The COVID-19 pandemic has thrown the lives of millions of Americans into turmoil. Even for those who never caught the disease, their lives changed dramatically when their employer was one of the 88% of companies globally to either encourage or require its workers to do their jobs from home. After months of this policy being in force, 66% of businesses think remote work is here to stay. Large portions of the American workforce are coming to terms with the idea their home office is their only office.
What do these changes mean in the long term? How will the increasing popularity of telework alter pre-existing workplace dynamics? On the subject of remote work and the wage gap, will working from home make matters better or worse? As with any system, the new normal creates winners and losers. Despite the benefits of working from home, the switch includes mixed blessings.
Regarding benefits, a major perk that arises from working from home is that both businesses and workers save money. While businesses no longer have to buy or lease large office spaces or supply as much in overhead, workers cut out the costs associated with a daily commute. Without needing to commute into work every day, workers no longer need to live as close to their company’s office as before. Since so many businesses are currently headquartered in expensive metropolises like the California Bay Area and the Big Apple, moving away can bring employees more affordable housing and lower living costs. Already, the number of American workers who may relocate could be as high as 23 million. Migration rates could increase to 3 or 4 times as much in the near future.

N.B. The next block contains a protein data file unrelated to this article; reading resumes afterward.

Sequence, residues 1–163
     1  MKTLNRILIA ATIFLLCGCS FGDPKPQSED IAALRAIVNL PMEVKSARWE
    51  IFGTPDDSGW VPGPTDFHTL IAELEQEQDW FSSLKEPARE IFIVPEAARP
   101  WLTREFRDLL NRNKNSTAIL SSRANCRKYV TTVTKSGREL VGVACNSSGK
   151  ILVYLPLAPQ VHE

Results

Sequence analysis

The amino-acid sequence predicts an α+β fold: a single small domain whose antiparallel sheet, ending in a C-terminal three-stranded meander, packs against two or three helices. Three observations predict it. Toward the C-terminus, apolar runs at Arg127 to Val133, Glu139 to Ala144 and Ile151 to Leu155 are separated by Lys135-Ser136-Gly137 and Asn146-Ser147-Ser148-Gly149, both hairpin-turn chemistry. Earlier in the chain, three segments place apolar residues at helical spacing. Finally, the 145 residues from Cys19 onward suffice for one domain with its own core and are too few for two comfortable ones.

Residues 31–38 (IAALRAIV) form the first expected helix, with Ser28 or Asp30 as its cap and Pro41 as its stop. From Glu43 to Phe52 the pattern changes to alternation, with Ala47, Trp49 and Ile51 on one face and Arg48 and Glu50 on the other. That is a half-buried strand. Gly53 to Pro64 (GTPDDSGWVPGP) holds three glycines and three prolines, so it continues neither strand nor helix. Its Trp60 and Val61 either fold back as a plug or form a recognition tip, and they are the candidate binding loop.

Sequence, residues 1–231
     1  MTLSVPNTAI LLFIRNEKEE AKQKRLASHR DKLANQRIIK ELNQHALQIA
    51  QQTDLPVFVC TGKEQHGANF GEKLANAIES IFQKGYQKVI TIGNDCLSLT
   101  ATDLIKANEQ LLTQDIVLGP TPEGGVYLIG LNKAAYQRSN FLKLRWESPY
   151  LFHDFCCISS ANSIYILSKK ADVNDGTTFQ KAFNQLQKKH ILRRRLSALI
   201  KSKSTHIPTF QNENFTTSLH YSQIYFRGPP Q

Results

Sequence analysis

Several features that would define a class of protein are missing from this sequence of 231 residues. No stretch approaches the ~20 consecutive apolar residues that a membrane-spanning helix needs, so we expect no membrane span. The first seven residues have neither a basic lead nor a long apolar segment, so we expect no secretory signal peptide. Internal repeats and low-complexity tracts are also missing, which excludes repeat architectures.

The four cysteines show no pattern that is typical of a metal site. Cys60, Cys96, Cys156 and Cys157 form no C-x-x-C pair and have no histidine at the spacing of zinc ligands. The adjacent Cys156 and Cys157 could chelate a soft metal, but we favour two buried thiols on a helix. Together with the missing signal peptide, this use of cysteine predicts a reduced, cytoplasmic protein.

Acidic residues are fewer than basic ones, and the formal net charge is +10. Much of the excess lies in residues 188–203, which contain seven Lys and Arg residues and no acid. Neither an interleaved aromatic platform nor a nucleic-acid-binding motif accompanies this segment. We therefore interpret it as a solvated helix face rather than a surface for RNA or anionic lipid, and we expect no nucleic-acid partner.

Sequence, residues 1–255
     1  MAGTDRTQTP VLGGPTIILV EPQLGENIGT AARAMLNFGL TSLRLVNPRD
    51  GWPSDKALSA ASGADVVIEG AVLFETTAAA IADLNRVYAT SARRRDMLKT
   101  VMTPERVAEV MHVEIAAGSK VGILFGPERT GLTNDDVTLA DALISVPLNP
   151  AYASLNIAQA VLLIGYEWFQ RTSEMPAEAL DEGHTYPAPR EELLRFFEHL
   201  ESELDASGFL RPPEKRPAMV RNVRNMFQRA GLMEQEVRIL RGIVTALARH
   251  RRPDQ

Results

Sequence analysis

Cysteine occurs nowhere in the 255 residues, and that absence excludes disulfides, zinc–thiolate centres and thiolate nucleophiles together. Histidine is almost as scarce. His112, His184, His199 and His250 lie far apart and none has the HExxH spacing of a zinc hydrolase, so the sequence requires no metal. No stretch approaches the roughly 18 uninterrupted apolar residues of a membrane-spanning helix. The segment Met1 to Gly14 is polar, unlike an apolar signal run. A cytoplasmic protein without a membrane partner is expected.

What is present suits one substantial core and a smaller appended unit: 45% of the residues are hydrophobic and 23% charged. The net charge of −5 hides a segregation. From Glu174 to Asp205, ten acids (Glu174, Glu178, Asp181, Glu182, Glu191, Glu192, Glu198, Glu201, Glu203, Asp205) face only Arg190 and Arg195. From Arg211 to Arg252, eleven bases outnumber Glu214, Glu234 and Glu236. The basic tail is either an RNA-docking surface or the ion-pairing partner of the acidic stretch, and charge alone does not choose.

Since a part of an employee’s paycheck today is meant to incentivize living near a company’s office, teleworkers who relocate may face a pay cut. However, the decrease in annual expenses more than makes up for the drop in earnings. By working from home, an American worker can save up to $4,000 a year. Businesses collectively save up to $30 billion a day by offering remote work. Location-based pay differences are a form of wage gap, but in this case, both parties come out ahead.
The same cannot be said of the more well-known wage gaps: those based on gender and race. According to the AAUW, women in the US still only earn 82% as much as men while black men earn 87% as much as white men do. While remote workplaces have the potential to contain less hiring and management biases, two factors that contribute to pay inequity for women and racial minorities, they’re far from a great equalizer. Women in remote positions still earn less than their male peers who are also working from home. Making the situation worse is the fact that women and racial minorities aren’t as likely to have the option of telework. All the benefits discussed above simply don’t apply to them.
All changes come with pros and cons. The shift to remote work is no different. This infographic from TrackTime24 illustrates the evolving dynamics work from home and the wage gap.